Like it or not, the ‘distributed’ or ‘virtual’ newsroom is the new normal, and according to consultant Dietmar Schantin, this may not be a bad thing.
In an INMA blog, he says staffing, communication are bound to change in the post-COVID newsroom, pointing to the many which have closed temporarily during the epidemic, “with no plans to return soon”.
In the US, the Tribune Company has extended its COVID response, shutting five newsrooms entirely.
Schantin – who is principal of the Institute for Media Strategies based in the UK and Austria – says the logic of such a move is obvious, from a financial point of view: “People are already working from home, so what’s the point of maintaining a costly space that nobody uses,” he asks. “The difficulties inherent with bringing everyone back during a pandemic seems hardly worth the effort – the cost savings alone would seem to be reason enough.”
But Schantin says there are arguments against abandoning newsrooms as well, namely the impact on quality coverage, “not to mention the impact on collaboration and camaraderie.
“There are fears about the end of an era and the appeal of nostalgia.”
He says it is too soon to say how the newsroom closures will play out, but believes the empty newsrooms of the pandemic can come back better organised for the digital transformations that are taking place across the industry.
As countries prepare for a ‘COVID exit’ by easing the lockdown and reopening businesses, exit plans have similar characteristics including social distancing, limits on the number of people who can be present in a confined space, and personal protection with masks and/or gloves in public places or offices.
Additional considerations for newsrooms include the organisation of individual desks and shared ones. Dietmar Schantin says some organisations are removing shared desktop computers and replacing them with docking stations for individual laptops brought in by staff.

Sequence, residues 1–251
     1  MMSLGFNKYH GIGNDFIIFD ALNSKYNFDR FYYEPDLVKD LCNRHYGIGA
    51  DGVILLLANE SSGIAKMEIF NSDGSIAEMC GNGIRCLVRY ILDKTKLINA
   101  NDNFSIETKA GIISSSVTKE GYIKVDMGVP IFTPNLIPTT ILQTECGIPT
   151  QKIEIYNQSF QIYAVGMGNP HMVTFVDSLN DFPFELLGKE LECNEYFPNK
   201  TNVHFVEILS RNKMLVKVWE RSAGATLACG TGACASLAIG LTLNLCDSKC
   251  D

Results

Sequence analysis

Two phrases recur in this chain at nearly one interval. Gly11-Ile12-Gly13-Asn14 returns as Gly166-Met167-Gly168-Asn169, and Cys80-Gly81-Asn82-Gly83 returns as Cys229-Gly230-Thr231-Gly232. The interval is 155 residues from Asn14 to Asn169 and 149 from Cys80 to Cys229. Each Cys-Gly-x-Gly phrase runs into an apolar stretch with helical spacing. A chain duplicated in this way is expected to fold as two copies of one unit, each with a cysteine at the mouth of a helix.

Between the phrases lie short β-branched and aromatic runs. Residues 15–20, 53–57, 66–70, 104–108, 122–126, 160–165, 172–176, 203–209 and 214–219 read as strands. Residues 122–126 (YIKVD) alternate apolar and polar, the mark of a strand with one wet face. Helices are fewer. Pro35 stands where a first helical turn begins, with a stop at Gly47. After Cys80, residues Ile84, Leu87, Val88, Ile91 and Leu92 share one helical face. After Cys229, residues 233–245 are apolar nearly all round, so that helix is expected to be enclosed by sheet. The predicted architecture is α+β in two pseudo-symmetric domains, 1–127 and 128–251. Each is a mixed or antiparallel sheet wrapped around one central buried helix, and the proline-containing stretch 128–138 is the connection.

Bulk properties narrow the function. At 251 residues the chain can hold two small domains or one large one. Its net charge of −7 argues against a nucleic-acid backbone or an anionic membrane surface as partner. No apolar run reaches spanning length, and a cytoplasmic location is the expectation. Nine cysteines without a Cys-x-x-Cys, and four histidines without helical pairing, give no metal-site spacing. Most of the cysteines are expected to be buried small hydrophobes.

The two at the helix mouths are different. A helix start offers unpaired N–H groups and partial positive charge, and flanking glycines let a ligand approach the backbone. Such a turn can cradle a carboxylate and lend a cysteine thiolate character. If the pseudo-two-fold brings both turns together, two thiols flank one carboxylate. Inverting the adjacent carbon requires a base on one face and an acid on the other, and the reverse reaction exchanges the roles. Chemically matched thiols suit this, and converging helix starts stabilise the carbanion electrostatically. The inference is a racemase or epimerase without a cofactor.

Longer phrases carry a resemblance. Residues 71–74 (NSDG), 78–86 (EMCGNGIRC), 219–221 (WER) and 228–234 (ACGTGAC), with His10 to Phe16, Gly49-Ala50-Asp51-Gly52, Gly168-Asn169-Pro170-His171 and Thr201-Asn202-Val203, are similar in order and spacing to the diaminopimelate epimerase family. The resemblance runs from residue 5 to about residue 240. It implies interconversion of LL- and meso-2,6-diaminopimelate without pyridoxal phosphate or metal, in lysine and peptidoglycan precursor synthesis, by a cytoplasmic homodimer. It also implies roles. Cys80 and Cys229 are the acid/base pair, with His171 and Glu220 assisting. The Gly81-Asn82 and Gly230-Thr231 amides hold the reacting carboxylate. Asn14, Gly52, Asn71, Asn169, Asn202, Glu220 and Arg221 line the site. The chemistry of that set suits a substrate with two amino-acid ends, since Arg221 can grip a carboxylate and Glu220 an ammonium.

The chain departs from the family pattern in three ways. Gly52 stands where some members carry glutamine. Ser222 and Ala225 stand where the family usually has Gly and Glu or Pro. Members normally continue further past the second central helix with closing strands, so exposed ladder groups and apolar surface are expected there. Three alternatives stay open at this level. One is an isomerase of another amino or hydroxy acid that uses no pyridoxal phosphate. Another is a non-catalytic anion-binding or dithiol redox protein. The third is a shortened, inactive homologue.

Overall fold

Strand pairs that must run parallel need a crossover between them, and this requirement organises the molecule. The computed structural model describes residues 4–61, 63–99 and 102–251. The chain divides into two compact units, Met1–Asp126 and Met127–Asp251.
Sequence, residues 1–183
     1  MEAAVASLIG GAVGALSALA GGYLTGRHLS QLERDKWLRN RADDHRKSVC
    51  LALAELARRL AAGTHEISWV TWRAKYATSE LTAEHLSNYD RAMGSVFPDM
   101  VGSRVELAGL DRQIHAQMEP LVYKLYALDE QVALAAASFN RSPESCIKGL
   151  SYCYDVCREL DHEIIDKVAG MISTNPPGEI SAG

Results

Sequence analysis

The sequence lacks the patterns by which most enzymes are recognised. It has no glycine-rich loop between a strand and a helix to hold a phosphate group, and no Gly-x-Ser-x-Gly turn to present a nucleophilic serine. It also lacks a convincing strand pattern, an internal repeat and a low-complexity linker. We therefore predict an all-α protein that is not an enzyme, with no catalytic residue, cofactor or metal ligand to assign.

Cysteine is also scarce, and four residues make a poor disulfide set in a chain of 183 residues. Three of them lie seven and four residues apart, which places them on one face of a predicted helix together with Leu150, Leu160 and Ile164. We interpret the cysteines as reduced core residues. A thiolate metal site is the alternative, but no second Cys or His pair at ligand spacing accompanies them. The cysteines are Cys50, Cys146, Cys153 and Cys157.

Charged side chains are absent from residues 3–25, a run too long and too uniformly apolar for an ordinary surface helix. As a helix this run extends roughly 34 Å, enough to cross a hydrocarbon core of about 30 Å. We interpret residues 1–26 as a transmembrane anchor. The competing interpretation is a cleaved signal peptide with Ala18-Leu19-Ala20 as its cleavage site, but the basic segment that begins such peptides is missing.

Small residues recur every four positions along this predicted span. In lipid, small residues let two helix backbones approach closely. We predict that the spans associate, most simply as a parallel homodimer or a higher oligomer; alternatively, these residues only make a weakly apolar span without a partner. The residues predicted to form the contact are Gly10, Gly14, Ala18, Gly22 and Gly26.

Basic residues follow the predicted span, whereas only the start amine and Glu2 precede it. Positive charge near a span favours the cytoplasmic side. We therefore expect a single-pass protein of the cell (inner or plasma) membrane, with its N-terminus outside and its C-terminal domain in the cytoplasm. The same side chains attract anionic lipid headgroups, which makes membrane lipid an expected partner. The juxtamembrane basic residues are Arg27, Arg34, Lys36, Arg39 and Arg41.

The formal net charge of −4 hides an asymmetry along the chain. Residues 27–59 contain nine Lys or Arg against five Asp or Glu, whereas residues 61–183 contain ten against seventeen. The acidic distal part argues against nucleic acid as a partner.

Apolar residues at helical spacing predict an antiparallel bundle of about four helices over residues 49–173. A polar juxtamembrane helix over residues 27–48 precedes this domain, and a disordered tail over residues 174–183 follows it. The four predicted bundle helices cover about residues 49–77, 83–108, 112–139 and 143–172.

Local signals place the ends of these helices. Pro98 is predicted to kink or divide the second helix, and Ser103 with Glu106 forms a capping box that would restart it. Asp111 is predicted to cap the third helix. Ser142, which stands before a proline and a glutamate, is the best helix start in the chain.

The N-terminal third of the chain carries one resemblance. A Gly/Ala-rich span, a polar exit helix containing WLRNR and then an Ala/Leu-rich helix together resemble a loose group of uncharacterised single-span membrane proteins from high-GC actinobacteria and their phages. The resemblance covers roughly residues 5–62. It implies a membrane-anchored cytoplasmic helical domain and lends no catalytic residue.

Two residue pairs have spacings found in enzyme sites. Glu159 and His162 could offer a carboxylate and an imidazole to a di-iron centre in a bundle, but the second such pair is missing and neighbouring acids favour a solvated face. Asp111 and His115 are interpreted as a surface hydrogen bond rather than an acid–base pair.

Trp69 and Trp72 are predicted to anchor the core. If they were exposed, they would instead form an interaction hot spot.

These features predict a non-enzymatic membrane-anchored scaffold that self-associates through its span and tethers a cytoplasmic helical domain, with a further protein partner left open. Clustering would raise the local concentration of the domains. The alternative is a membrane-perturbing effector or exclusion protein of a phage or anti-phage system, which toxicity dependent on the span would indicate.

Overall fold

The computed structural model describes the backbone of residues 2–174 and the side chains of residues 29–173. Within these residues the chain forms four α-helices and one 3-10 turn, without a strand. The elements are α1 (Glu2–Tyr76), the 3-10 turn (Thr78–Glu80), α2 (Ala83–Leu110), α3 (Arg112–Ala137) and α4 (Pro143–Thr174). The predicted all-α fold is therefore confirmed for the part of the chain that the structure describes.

“With the exception of tasks that require powerful computers – such as for infographics, picture editing, or design – most of these machines aren’t needed,” he says. “If there is no real need, get rid of it.”
He says under current conditions in many countries, only about half of staff will be allowed in the office at the same time, so desks can be moved further apart, with individual desks in a ‘checkerboard’ design popular with many.
“Some have also removed the once-ubiquitous central news desks and other furniture where staff gathered in groups for daily meetings,” he says.
“These have been replaced with more appropriate desk spaces that provide social-distancing room. Without the central news desk, office design changes profoundly, and the limits will likely change working habits and communication practices.”
He says the issue of which functions must be present in the newsroom, and which can come back later (or never) is “perhaps the most critical element with the biggest implications for the future newsroom.
“It is also an area that provides great opportunities for reorganisation.”
Some things “simply cannot be replaced by remote work, particularly in a news culture that must respond to multiple challenges with constant innovation”. Among them, Zoom is unsuitable for major changes and bringing together a new team with fresh people who come together for the first time. “Those proverbial discussions around the water cooler are very human and necessary, though the number of people in any gathering would have to be limited.
“Trying to create a new project or team via Zoom won’t work – the lack of social interaction can reduce creativity and the capability to solve complex problems.”
Of those roles which “must be present in person”, he lists decision makers – “the editor-in-chief, and the section heads, maybe their deputies, plus (some of) those with responsibilities for breaking news. Also, those responsible for the digital outlets – the website chief, the social media person, and the analytics chief.
“A team dedicated to print might also be valuable together in one place. Maybe infographics as well.” Schantin says it is up to newsroom leaders to determine who must be in the newsroom to ensure optimal workflows and practices.
As for issues such as who signs up to attend which meetings, who sends alerts and group messages, and who ensures nobody is left out of essential discussions, he says these interrelated aspects may depend on the depth of digital culture.
“A company where staff rarely works with a shared calendar for appointments, or does not use a messenger platform for internal communications, will have a more difficult time with these changes.”